elsewhere, seem to exclude all direct participation of
Cosimo Tura himself. Most probably, they were
executed by various minor painters of the day, Tura's
pupils m Ferrara, of whom none, save a certain Ettore
de' Bonacossi, an indifferent artist noticeable for the
staring eyes of his figures, can be definitely identified.^
The least agreeable part of the whole, though by no
means the worst executed, is the triumph of lust in a
chariot drawn by monkeys (in September, the month
devoted to Saturn), with its hideous children and
bestial Cyclopes. The lowest zone of this month,
representing the vintage, with Borso riding out with
hawks and hounds, and then in his palace receiving
ambassadors, is on a higher level, and may be assigned
to one of Tura's better pupils. A noble figure in the
foreground, clad in cloth of gold, is probably Borso's
destined successor, Ercole I.

Shortly after the completion of the work, the
Duke''s half-brother, Baldassare d'Este, who had just

1 cy. Venturi, in L'Arlc (1908), p. 424.


come to Ferrara from Milan where he had won high
renown as a portrait painter, was commissioned to re-
paint the heads of Borso and some of the other figures
throughout the room/ It is, therefore, probable that all
the various representations of the Duke, and perhaps some
of the other portraits, are his work. He may possibly
also be the author of the remains of the frescoes, in a
somewhat different style from the rest, on the southern

Borso''s answer to Cossa was, in effect, that he must
be contented with the tariff fixed.^ The aggrieved
painter promptly shook the dust of Ferrara off his feet,
and retired to Bologna, where he spent the rest of his
life. Here he found abundant employment, both from
Giovanni Bentivoglio and from churches and confra-
ternities among the citizens. His earliest work at
Bologna is believed to be the Annunciation, for the
Osservanza, now at Dresden, a carefully finished and
brilliantly coloured picture, but somewhat uncharac-
teristic and lacking his usual vigour. Two stained
glass windows in San Giovanni in Monte have been
recognised as from his design, and a St. Jerome in San
Petronio is more questionably attributed to him.
For Giovanni Bentivoglio, in 1472, he repainted tlie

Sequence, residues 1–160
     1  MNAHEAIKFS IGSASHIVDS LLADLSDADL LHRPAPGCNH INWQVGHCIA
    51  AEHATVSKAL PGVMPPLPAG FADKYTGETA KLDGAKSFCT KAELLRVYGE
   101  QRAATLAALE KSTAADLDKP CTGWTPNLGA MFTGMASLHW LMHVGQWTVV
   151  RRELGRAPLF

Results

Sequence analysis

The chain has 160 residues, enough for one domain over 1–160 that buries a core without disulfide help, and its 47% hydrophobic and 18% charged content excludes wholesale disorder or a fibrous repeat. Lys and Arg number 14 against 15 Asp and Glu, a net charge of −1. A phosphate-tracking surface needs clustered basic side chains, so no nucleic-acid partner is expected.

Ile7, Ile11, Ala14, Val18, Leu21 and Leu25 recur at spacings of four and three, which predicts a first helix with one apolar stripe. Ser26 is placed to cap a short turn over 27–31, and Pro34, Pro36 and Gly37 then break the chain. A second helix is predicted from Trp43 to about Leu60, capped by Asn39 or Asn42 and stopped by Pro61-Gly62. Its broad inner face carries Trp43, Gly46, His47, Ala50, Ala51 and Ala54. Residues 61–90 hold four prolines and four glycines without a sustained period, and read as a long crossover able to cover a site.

1 Cf. below, p. 48.

2 " Quod velit esse contentus taxa facta, nam facta est per
electos prospeciis singulis."


venerated Madonna del Baraccano, and added Angels
and a frescoed background ; but the work, in its
present condition, is perhaps more interesting from the
historical than the artistic standpoint/

The most noteworthy production of Cossa's stay at
Bologna, and in many respects the most important
work of his that has come down to us, is the large
picture in tempera on canvas painted for Alberto
de** Catanei and Domenico degli Amorini, the judge and
notary of the Foro de' Mercanti (what we should now
call the Chamber of Commerce), in 1474, and signed
Franciscus Cossa Ferrariensis. It is a stately and
austere composition, in which the Madonna and the
Divine Child are enthroned between St. Petronius and
St. John the Evangelist, while Alberto de"* Catanei
kneels at the side of the throne, and the Annunciation
is seen above. The types are uncompromisingly grim
and ugly, but the modelling of the heads of the two
Saints is admirable, particularly that of St. Petronius,
who is probably the portrait of some eminent church-
\nan of the time.

This is the last of Cossa's works that can be
identified. He died in 1480 or thereabouts. Before
his death he appears to have taken part in the decora-

1 Cf, Gruyer, II. pp. 116, 117; Ricci, Guida di Bologna, p. 51. It
is doubtful whether the portraits of Bente Bentivoglio, the ori/rinal
donor of the work, and Maria Vincij^uerra, who began the devotion
to this Madonna, are by Cossa.

• • . •

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tion of the palace of Giovanni Bentivoglio, doomed to
popular destruction in 1507. A few portraits are